• 1.06 – Christian McCaffery, RB, Stanford

  • 1.07 – John Ross, WR, Washington

  • 1.08 – Alvin Kamara, RB, Tennessee

  • 1.09 – JuJu Smith-Schuster, WR, USC

These four just miss out on being considered at the top of the draft.  I think McCaffery’s immediate impact in the NFL will be as a third down back whose pass protection will keep him on the field unlike many rookie RBs; I don’t think he has enough Year One upside to draft any higher though.  Ross is obviously a burner but he has a long injury history and his value will heavily rely on who drafts him.  Kamara is a little under sized (5’10” and 214lb, very similar to Cook) and only had 210 career carries at Tennessee (a whopping fourteen games with single digit carries; for comparison McCaffery had 253 carries in 2016 alone).  Kamara did show out at the Combine in the vertical and broad jumps, unlike Cook, and could ultimately move up this list.  Smith-Schuster put up back-to-back 10 TD seasons at USC but is about 2 inches shorter than he should be to garner more draft attention.  Smith-Schuster compares well to DeAndre Hopkins at the 2013 Combine so while I’m cautious, I have some hope.

  • 1.10 – OJ Howard, TE, Alabama

  • 2.01 – Evan Engram, TE, Ole Miss

  • 2.02 – David Njoku, TE, Miami

In one of my early offseason articles, I mentioned that 2017 could be the year of the running back in the NFL Draft.  2017 very well may go down as the year of the tight end in your RSO draft.  I grouped these three TEs here right at end of the 1st, start of the 2nd because honestly I don’t know where else to put them.  It’s hard to imagine three TEs being drafted by the time you hit 2.02 but these guys could arguably make an earlier impact for your RSO team than Kamara or Smith-Schuster.  I’m not quite ready to put them above those two though since they play more in-demand positions.  Engram ran a faster 40 yard dash than both Corey Davis and Mike Williams while Howard beat out Smith-Schuster.  Both Engram and Howard beat out Curtis Samuel in the 3 cone drill and the shuttle even though he he’s been lauded as a a versatile athlete by many.  Njoku does not quite measure up to Howard’s and Engram’s athleticism, although he was a state champion high jumper in high school, but the unknown about him (only 64 career receptions, only started playing football in middle school) has scouts salivating about his potential.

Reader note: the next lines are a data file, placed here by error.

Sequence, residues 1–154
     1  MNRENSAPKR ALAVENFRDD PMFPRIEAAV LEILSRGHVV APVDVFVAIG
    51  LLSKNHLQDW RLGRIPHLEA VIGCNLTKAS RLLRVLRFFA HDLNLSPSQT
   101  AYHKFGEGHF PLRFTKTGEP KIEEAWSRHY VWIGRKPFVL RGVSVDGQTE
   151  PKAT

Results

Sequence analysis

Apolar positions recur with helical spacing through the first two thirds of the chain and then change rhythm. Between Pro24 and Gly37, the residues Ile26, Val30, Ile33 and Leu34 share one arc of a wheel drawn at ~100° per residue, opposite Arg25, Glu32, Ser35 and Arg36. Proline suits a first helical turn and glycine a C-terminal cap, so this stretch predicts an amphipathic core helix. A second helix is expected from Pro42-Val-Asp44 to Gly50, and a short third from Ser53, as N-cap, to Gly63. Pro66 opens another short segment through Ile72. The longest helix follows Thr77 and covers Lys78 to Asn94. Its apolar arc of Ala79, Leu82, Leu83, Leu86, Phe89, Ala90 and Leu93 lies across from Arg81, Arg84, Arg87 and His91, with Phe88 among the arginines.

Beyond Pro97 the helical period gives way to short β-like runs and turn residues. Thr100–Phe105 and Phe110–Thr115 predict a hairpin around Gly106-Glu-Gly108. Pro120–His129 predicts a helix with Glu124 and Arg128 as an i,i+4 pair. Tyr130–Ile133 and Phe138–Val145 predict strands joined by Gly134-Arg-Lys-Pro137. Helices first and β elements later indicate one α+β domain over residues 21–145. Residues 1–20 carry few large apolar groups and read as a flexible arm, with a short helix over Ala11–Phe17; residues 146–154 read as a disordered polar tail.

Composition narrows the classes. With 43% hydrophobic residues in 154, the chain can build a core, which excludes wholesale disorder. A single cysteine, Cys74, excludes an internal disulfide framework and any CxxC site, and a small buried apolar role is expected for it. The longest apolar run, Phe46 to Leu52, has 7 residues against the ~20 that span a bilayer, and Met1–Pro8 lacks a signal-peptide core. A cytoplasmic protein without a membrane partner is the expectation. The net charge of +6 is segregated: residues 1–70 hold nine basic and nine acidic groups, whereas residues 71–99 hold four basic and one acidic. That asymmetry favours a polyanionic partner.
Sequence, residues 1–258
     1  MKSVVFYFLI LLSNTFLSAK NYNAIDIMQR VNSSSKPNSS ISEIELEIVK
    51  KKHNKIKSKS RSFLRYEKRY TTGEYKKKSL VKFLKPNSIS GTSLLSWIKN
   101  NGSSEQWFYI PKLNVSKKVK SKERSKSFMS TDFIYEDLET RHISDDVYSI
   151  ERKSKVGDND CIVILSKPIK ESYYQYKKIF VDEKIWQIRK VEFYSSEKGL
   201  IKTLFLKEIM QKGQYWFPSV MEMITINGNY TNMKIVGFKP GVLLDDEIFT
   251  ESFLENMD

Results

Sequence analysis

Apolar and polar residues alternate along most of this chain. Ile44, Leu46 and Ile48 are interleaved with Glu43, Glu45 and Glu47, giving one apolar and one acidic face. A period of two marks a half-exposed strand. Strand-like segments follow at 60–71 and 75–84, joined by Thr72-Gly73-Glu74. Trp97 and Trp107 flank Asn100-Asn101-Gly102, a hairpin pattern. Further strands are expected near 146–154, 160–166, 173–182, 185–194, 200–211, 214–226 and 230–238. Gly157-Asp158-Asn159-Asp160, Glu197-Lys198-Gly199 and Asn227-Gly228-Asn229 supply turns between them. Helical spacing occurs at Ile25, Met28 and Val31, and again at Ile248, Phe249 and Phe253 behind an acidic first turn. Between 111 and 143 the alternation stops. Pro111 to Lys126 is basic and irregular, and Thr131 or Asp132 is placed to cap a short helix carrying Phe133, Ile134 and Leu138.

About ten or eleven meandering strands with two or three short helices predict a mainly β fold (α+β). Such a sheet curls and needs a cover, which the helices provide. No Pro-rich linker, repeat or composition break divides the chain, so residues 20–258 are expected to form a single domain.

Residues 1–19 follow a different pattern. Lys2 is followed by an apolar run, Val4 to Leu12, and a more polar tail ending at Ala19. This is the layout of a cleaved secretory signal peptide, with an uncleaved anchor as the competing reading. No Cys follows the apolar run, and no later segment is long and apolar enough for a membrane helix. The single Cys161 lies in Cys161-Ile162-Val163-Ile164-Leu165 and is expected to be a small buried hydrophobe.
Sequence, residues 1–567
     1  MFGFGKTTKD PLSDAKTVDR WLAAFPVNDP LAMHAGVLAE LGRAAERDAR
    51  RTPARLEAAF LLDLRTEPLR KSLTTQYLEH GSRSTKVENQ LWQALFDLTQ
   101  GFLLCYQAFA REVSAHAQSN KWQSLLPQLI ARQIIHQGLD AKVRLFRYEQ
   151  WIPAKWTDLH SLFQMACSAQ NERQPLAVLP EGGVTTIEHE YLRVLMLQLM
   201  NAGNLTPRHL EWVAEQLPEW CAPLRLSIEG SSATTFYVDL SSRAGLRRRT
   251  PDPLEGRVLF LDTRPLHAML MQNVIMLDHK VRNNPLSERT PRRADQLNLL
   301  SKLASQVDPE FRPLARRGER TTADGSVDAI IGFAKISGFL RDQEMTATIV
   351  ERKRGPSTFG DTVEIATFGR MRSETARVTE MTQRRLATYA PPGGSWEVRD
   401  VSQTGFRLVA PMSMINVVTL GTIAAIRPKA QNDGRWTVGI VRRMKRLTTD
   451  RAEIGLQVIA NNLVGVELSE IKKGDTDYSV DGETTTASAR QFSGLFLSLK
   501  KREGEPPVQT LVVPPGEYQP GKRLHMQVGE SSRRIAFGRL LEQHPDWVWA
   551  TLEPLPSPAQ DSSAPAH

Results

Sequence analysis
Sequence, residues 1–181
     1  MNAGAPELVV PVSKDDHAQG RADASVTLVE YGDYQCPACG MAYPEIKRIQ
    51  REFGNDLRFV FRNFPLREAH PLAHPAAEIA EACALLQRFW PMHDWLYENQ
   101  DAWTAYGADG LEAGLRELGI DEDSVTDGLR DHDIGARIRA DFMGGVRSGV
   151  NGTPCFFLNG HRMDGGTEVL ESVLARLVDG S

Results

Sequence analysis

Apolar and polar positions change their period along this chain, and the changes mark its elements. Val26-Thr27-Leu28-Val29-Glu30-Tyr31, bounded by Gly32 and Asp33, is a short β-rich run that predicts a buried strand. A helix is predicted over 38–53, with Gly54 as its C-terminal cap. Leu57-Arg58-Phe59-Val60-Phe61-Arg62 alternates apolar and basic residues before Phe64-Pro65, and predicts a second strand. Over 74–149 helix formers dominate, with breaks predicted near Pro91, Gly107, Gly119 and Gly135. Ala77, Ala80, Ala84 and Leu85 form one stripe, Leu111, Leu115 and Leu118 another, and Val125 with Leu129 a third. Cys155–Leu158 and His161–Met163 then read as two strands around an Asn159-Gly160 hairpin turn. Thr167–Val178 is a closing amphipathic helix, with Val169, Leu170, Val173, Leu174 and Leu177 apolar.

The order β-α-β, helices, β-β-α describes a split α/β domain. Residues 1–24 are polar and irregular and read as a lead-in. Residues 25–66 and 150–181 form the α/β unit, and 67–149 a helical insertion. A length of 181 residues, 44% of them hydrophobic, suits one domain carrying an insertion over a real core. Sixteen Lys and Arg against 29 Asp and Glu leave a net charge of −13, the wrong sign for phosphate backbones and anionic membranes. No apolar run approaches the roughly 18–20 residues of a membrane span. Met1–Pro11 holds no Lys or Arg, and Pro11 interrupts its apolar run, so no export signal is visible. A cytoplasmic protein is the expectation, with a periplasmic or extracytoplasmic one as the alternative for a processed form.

• 2.03 – Samaje Perine, RB, Oklahoma

  • 2.04 – D’Onta Foreman, RB, Texas